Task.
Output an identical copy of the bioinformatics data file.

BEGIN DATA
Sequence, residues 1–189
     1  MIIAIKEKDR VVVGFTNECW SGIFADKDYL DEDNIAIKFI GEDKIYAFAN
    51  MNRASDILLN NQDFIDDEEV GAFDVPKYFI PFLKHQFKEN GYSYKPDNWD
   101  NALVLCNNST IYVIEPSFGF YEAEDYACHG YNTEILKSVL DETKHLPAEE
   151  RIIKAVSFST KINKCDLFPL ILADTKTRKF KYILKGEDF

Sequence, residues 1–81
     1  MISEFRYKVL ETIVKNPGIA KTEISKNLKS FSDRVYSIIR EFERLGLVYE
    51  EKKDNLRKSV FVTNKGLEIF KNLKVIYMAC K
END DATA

Sequence, residues 1–189
     1  MIIAIKEKDR VVVGFTNECW SGIFADKDYL DEDNIAIKFI GEDKIYAFAN
    51  MNRASDILLN NQDFIDDEEV GAFDVPKYFI PFLKHQFKEN GYSYKPDNWD
   101  NALVLCNNST IYVIEPSFGF YEAEDYACHG YNTEILKSVL DETKHLPAEE
   151  RIIKAVSFST KINKCDLFPL ILADTKTRKF KYILKGEDF

Sequence, residues 1–81
     1  MISEFRYKVL ETIVKNPGIA KTEISKNLKS FSDRVYSIIR EFERLGLVYE
    51  EKKDNLRKSV FVTNKGLEIF KNLKVIYMAC K